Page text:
The CR-V was one of the first mid-size SUVs in 1995, before many manufacturers had even awoken to the idea of these jacked-up models. It’s gone on to become one of the world’s best-selling models in its class – being particularly popular in the US.
In 2018, Honda gave it a substantial update that brought in a bolder look, more standard equipment and improved technology – something the previous-generation CR-V had been lacking.
So with this latest update, we see the CR-V now features Honda’s latest ‘family face, which is essentially a large chrome grille with an even more prominent Honda badge, alongside a new headlight design.
You can also now get the CR-V with five- or seven-seat options, with the latter option offering a far more appealing proposition to families. But can this update keep the Japanese SUV on par with rivals such as the Mazda CX-5 and Toyota RAV4? It’s time to put it to the test.
With the latest CR-V, Honda has taken the decision to not offer a diesel engine. It’s a surprising move considering how dominant the fuel type remains in these types of vehicle, but it’s one Honda has obviously thought through.
So the CR-V is offered with a 1.5-litre petrol engine and a 2.0-litre petrol-hybrid. We’ve already reviewed the Hybrid, so our focus here is on the petrol unit.
This petrol engine is offered with a great deal of configurations, with buyers having the choice of front- or all-wheel-drive, alongside a six-speed manual gearbox or CVT automatic transmission. Here we’re driving the CVT, which is sending its power to all four wheels.
While the CR-V isn’t a model that favours performance, the engine Is reasonably powerful – developing 190bhp and 242Nm of torque. This enables a 0-60mph time of 9.8 seconds, along with a top speed of 124mph.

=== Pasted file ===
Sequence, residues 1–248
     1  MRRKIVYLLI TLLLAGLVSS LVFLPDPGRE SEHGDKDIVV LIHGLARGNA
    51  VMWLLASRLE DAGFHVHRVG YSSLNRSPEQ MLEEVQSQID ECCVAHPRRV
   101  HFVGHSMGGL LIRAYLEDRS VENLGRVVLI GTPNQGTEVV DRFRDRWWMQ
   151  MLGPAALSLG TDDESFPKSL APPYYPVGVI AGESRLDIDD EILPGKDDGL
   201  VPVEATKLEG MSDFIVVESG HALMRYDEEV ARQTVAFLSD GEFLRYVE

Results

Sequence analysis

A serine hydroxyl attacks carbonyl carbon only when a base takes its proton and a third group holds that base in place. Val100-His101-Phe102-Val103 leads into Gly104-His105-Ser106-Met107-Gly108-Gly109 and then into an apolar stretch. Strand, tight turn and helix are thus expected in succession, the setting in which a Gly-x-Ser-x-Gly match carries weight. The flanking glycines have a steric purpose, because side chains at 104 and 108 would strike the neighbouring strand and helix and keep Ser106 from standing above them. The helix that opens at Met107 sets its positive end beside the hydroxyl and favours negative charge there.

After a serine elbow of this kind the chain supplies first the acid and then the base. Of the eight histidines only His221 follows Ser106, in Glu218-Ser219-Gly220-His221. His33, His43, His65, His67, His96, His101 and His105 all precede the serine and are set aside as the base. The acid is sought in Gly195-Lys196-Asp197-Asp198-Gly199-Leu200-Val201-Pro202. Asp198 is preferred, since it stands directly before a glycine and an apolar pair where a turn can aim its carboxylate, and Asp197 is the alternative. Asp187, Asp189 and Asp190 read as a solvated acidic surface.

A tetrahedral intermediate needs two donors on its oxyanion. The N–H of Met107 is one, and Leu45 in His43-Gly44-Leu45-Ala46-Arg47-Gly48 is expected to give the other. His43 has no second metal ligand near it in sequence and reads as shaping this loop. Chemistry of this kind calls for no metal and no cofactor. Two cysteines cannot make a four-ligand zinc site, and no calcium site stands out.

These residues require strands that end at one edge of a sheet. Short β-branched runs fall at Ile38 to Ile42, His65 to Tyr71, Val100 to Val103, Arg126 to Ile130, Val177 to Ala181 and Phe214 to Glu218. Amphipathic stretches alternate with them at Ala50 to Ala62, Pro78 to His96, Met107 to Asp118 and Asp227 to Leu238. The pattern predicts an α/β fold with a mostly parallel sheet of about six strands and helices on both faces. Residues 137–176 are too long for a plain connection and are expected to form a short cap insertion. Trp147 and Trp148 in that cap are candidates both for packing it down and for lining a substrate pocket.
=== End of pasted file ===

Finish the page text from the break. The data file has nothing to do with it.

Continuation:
Ride and handling
As with all versions of the CR-V so far, comfort has been the priority. And the recipe has not changed here, with the CR-V. Even when equipped with the large 19-inch alloy wheels fitted to our test car, the ride remains comfortable and supple.
Elsewhere the CR-V drives as you would expect. It’s predictable, safe and refined, if not particularly inspiring. If you’re looking for a more dynamic SUV of this size, the Mazda CX-5 would be your best option.
The engine itself is also quite punchy, but the CVT isn’t particularly smooth. For this reason, the manual gearbox would be our preference.See Available CR-V Deals
Interior and equipment
Honda has really improved the CR-V in its latest incarnation – adopting a far more modern and classier layout. It’s trimmed with far more premium-feeling materials than before, yet it remains a robust SUV that will be able to withstand family life. The layout is also excellent, while visibility is something that Honda has clearly prioritised.
Perhaps the only disappointment is with the touchscreen, which is a unit from Garmin. While incorporating all the features we’ve come to expect from a modern touchscreen – satellite navigation, smartphone mirroring etc. – the system itself is slow to respond, and not particularly easy to navigate.
A broad range of trims are offered on the CR-V. Starting with the S, which comes with LED headlights and rear lights, lane-keep assist and a handy ‘ECON’ mode that reduces fuel consumption. The SR adds the aforementioned touchscreen with satellite navigation, dual-zone climate control and electric folding mirrors.
Moving up the ranks you have the SR, which features leather upholstery and privacy glass, while the flagship EX version adds heated seats, an electric driver’s seat and a panoramic sunroof.
Prices for the CR-V start from £26,310, which is very respectable for a model of this size. However, we would recommend upgrading to the mid-spec SE version, which isn’t too much more expensive at £28,170. However, the top spec versions cost over £35,000, which is starting to encroach on more premium territory, which the CR-V can’t quite compete against.
Honda has moved the latest CR-V forwards leaps and bounds with its stylish design and high-quality interior, which is also very well-equipped. The 1.5-litre engine is also a great unit, and despite being a bit thirsty, it’s a convincing alternative to other diesel models.
While the CVT automatic transmission and touchscreen might be slight annoyances, they can’t detract from what is otherwise a very well-rounded and family-friendly SUV.